# Thread: nilpotent

1. ## nilpotent

Suppose $\displaystyle A$ is nilpotent. Prove that $\displaystyle I+A$ is invertible.

So $\displaystyle \det A = 0$. Then $\displaystyle \det (A+I) = 1$ which implies that $\displaystyle A+I$ is invertible.

Is this correct?

2. Ok let $\displaystyle B = \sum_{n=0}^{\infty} (-1)^{n} A^{n}$ which converges. So $\displaystyle B(I+A) = I$. And so $\displaystyle B = (I+A)^{-1}$.

3. Originally Posted by manjohn12
Suppose $\displaystyle A$ is nilpotent. Prove that $\displaystyle I+A$ is invertible.

So $\displaystyle \det A = 0$. Then $\displaystyle \det (A+I) = 1$ which implies that $\displaystyle A+I$ is invertible.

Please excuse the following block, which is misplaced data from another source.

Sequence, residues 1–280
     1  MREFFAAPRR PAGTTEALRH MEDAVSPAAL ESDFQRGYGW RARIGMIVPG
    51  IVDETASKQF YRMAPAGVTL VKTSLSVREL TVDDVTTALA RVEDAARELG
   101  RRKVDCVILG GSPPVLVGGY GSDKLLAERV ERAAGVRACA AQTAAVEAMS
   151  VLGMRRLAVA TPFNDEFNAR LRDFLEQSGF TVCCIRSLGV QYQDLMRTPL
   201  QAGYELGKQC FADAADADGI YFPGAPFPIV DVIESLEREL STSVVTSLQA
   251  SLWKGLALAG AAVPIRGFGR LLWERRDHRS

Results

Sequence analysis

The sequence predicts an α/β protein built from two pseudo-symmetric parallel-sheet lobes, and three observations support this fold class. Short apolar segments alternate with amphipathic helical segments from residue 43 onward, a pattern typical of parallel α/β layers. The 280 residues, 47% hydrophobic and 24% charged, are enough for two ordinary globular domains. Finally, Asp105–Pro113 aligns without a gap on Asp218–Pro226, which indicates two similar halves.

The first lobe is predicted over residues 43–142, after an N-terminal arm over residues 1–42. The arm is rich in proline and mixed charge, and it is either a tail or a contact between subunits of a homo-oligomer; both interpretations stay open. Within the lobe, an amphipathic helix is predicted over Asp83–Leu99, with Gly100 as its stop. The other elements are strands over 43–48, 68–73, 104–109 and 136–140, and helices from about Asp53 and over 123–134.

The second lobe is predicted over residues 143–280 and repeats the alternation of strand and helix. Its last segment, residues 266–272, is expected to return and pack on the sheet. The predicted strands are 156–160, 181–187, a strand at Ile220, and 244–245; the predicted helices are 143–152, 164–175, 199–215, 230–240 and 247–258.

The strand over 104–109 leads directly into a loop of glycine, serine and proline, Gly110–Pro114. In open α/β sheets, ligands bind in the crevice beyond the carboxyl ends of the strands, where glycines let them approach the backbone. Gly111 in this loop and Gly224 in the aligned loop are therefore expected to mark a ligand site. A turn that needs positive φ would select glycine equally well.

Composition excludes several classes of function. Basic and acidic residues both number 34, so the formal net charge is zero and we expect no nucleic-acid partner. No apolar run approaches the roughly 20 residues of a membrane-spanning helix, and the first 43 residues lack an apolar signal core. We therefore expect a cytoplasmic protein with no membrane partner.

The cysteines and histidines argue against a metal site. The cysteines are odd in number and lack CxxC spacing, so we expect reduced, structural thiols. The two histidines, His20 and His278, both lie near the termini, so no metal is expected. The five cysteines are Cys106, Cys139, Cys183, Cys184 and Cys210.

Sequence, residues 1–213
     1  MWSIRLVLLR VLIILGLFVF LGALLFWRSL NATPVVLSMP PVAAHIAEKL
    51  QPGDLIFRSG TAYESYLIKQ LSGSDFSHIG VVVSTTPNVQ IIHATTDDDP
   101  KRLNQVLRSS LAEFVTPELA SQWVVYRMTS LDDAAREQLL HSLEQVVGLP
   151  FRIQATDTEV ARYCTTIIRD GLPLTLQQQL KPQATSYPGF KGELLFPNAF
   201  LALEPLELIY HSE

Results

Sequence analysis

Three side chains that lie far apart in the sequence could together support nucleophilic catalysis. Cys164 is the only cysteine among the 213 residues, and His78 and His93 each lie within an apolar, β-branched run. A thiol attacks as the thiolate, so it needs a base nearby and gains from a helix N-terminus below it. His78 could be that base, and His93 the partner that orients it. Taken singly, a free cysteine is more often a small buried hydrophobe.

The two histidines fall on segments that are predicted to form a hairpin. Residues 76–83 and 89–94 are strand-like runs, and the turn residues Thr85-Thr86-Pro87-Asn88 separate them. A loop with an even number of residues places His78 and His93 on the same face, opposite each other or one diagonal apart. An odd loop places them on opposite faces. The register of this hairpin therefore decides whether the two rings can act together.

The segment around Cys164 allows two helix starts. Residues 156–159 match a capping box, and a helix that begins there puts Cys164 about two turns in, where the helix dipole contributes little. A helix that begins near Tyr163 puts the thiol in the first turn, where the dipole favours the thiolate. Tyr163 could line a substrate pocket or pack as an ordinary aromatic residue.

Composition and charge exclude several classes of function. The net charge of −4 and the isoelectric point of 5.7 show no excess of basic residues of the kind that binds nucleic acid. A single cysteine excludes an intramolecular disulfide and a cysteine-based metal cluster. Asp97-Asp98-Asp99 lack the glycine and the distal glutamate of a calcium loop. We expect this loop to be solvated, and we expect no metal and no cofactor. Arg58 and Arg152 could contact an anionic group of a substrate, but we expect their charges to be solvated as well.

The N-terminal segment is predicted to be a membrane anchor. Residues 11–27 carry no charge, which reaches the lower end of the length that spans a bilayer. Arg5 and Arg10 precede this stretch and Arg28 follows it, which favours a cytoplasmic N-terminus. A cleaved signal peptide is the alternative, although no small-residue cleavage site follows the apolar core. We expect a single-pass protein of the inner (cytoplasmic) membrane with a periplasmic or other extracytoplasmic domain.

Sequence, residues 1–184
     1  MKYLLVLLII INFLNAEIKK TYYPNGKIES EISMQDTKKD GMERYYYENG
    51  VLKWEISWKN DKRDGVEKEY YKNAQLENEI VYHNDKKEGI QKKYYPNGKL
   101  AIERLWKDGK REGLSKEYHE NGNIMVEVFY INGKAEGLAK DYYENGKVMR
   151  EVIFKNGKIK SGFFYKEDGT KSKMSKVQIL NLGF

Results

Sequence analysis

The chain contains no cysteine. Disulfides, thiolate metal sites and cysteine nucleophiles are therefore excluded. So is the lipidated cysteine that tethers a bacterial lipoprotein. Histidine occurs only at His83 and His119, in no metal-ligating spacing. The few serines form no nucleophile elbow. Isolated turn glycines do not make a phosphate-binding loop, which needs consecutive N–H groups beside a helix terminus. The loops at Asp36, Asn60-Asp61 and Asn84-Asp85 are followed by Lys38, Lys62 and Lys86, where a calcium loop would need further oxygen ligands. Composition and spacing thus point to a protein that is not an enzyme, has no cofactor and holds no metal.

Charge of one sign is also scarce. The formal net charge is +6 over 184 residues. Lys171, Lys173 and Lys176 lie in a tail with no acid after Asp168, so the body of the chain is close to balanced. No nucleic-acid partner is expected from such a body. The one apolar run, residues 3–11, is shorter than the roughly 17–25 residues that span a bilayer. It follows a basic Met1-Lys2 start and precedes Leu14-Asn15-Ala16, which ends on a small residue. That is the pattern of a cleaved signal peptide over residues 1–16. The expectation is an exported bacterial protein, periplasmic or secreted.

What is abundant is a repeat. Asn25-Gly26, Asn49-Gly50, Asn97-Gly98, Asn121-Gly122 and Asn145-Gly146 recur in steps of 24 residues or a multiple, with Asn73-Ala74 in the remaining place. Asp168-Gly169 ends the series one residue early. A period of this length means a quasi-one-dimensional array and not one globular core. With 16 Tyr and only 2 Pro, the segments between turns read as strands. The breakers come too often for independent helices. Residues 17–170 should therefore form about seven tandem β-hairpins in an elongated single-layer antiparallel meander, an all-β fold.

Is this correct?
if $\displaystyle A^n=0,$ then $\displaystyle (I+A)(I-A+A^2- \cdots + (-1)^{n-1}A^{n-1})=I+(-1)^{n-1}A^n=I.$

4. Originally Posted by manjohn12
Suppose $\displaystyle A$ is nilpotent. Prove that $\displaystyle I+A$ is invertible.

So $\displaystyle \det A = 0$. Then $\displaystyle \det (A+I) = 1$ which implies that $\displaystyle A+I$ is invertible.

Is this correct?
What is the reason for"So $\displaystyle \det A = 0$. Then $\displaystyle \det (A+I) = 1$" ... I mean what is the reason to assume det(A+I) = 1?

Since the matrix is nilpotent, its characteristic polynomial is $\displaystyle t^n$. So $\displaystyle \det(tI - A) = t^n$, now put $\displaystyle t = -1$, we get $\displaystyle \det(-I - A) = (-1)^n\det(I + A) = (-1)^n \implies \det(A+I) = 1$, thus A+I is invertible.

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